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My goal is to have NumericQ[h[j]]=True for any j regardless of whether j may be symbolic with no defined value.

Setting NumericQ[h[j_]]=True does not work and as I understand the NumericFunction attribute only works when the input is also numeric.

One solution might be to unprotect NumericQ and then set NumericQ[h[j_]]=True but I have not tried this as I am afraid of using Unprotect. Another solution might be to define my own NumericQ function, that I can call numericq for example, and set numericq[h[j_]]=True but I would have to replace all previous NumericQ with numericq in my code and test that everything works.

  • edit *

I want to do this because I want my code to ignore certain symbols. My solution was to treat these symbols as numeric but this does not work for symbols like h[j] when j is a generic symbol. Any other function that works like NumericQ could work although I would have to change my code a bit.

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    $\begingroup$ This gives off the impression of an XY problem. Surely there is a way to solve your actual problem that does not involve doing fragile things like redefining NumericQ[]. $\endgroup$ Jul 25 at 17:02
  • $\begingroup$ @J.M. I agree that my question is on my current solution rather than the problem. I added an edit under * edit * to explain what the problem is. $\endgroup$ Jul 25 at 17:17
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    $\begingroup$ Instead of unprotecting NumericQ, you could use an upvalue as in h/:HoldPattern[NumericQ[h[_]]]=True. I am not saying that it is a good idea. Btw: Somewhat surprisingly to me, even something like NumericQ[undefinedsymbol]=True gives no error. I do not understand why it gives no error, NumericQ is protected, not sure what I am missing. $\endgroup$
    – user293787
    Jul 25 at 17:33
  • $\begingroup$ @user293787, that is a slick solution. I did not think of using an upvalue. I am quite inexperienced with upvalues. If you want to copy-paste your comment into a solution I will accept it. $\endgroup$ Jul 25 at 17:41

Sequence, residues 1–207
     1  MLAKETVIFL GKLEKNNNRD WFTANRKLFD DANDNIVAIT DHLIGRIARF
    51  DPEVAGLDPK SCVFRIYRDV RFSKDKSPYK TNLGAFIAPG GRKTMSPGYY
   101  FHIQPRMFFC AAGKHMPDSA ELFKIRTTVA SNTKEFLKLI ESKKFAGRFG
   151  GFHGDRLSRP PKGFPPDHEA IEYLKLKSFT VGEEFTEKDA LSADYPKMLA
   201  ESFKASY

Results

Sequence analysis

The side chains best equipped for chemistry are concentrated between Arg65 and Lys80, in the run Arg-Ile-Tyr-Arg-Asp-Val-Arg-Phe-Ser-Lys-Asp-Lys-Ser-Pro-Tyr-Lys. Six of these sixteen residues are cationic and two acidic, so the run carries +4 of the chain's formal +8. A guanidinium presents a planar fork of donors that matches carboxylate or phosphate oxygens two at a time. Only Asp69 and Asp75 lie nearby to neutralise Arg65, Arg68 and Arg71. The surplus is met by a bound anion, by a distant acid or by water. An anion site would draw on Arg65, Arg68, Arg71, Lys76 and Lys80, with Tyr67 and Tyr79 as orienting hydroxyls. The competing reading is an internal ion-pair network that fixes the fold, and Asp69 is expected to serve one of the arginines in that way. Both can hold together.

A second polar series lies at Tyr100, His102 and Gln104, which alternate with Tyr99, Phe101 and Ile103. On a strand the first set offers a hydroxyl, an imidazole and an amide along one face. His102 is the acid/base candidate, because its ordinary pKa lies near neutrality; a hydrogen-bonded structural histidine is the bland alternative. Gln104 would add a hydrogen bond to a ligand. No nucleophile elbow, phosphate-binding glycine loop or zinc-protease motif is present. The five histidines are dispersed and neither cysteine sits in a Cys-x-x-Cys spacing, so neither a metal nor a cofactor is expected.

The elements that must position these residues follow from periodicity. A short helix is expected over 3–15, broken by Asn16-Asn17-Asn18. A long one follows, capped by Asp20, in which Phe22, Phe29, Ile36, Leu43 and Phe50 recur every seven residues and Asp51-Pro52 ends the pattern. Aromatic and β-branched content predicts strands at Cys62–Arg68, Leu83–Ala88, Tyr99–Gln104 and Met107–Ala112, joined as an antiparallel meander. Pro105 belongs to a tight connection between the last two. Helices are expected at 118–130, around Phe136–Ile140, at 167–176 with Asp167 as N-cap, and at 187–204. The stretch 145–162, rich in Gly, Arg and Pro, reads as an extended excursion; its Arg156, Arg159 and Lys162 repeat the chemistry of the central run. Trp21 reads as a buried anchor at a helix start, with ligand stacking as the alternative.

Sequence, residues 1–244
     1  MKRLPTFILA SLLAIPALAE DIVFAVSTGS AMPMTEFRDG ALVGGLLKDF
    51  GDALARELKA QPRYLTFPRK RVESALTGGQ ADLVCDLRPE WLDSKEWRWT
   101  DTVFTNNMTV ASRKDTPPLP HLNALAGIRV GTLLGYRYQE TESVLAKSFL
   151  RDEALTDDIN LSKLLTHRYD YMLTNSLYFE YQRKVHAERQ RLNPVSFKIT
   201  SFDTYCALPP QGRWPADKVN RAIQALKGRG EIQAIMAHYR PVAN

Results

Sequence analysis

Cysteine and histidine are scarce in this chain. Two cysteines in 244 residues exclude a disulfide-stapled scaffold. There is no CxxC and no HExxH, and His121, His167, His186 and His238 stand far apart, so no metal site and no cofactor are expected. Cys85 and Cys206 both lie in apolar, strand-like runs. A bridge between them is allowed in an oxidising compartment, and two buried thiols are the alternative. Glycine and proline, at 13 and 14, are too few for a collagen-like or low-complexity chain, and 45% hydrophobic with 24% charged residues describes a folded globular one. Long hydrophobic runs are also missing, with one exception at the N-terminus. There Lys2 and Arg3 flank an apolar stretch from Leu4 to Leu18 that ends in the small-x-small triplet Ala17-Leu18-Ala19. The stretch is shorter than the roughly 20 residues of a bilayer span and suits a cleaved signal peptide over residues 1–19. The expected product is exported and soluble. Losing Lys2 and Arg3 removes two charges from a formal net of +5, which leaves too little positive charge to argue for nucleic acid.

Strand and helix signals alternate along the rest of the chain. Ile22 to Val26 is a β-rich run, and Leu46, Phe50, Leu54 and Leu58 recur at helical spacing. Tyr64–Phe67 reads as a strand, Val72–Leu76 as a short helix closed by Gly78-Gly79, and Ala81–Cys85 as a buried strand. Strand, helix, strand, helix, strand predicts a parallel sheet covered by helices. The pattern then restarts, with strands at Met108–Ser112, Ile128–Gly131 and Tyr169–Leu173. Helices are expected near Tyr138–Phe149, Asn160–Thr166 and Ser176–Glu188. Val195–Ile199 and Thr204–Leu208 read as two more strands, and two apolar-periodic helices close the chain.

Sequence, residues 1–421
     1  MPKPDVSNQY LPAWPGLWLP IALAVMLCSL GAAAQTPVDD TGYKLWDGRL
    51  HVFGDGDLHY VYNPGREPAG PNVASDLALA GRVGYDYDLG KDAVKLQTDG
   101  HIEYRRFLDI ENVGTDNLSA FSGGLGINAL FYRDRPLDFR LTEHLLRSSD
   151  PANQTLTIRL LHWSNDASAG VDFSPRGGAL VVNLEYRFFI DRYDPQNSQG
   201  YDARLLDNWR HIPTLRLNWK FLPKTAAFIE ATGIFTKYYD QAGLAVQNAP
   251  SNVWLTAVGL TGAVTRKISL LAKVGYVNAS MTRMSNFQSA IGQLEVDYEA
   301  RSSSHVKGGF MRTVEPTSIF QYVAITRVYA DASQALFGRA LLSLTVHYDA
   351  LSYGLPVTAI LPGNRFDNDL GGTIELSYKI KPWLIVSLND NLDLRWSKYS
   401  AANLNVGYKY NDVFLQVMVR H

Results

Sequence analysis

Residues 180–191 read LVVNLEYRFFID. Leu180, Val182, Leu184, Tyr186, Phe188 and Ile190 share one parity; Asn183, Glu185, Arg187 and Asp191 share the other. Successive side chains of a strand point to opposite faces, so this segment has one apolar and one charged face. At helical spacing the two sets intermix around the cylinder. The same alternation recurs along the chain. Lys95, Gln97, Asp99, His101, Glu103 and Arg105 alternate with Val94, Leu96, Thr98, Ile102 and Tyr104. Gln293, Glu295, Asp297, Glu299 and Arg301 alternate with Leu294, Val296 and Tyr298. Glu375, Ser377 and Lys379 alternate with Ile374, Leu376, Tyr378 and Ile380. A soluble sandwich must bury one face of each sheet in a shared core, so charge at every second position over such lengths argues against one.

2 Answers 2

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Instead of unprotecting NumericQ, one can define an upvalue for h:

h/:HoldPattern[NumericQ[h[_]]]=True;

This means that the definition is stored with h rather than with NumericQ:

UpValues[h]
(* {HoldPattern[HoldPattern[NumericQ[h[_]]]]:>True} *)

When an expression such as NumericQ[h[4]] is evaluated, then upvalue definitions for h are tried before downvalue definitions for NumericQ, hence we get True. See this tutorial.

Warning. Though I have used upvalues before with NumericQ, I do not know if it can break something.

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This is an extended comment and not strictly an answer. But I thought I put this here, since people that end up here for whatever reason might find it useful. For reference, I am currently using Version 12.3.

While writing the other answer, I was surprised to find that the assignment

NumericQ[undefinedsymbol] = True

gives no warning, despite NumericQ having the attribute Protected. And it works, meaning now

NumericQ[undefinedsymbol]
(* gives True *)

By contrast

NumericQ[undefinedsymbol2] = "seriously"

gives the error message

Cannot set NumericQ[undefinedsymbol2] to seriously; the lhs argument must be a symbol and the rhs must be True or False

This error would suggest that

NumericQ[undefinedsymbol3[789]] = True

would fail since undefinedsymbol3[789] is not a symbol, but it gives no error or warning. However,

NumericQ[undefinedsymbol3[789]]
(* gives False *)

I find this a bit misleading. Probably NumericQ[undefinedsymbol3[789]] = True should give an error, since without error, one assumes that the definition was recorded, when in fact it was not.

I do not know if people use this feature of NumericQ. I do not see it mentioned in the documentation.

Comment. I can understand how NumericQ[undefinedsymbol] = True can work despite the protection. For example, NumericQ could be using something similar to the following code to circumvent the protection:

myNumericQ/:Set[myNumericQ[x_Symbol],tf:(True|False)]:=(
   Unprotect[myNumericQ];
   AppendTo[DownValues[myNumericQ],HoldPattern[myNumericQ[x]]:>tf];
   Protect[myNumericQ];
   tf);
Protect[myNumericQ];
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    $\begingroup$ As far as I know NumericQ[symbol]=True is a well-known way to attach the numeric property to a symbol and as far as I know, it is a mystery how it works. Szabolcs discusses his guess here where he also discusses why ClearAll[symbol] does not remove the numeric property from symbol. $\endgroup$ Jul 26 at 19:25
  • $\begingroup$ @userrandrand Thank you very much, I had not seen that post! I see that Scabolcs' guess for how it works is similar to mine (but maybe mine has some obvious flaw, not sure). I think I will leave the post here for now, if only to point out the questionable behavior for NumericQ[undefinedsymbol3[789]] = True. $\endgroup$
    – user293787
    Jul 26 at 19:36
  • $\begingroup$ For a better alternative to the AppendTo used above, see this answer. $\endgroup$
    – user293787
    Jul 29 at 5:06

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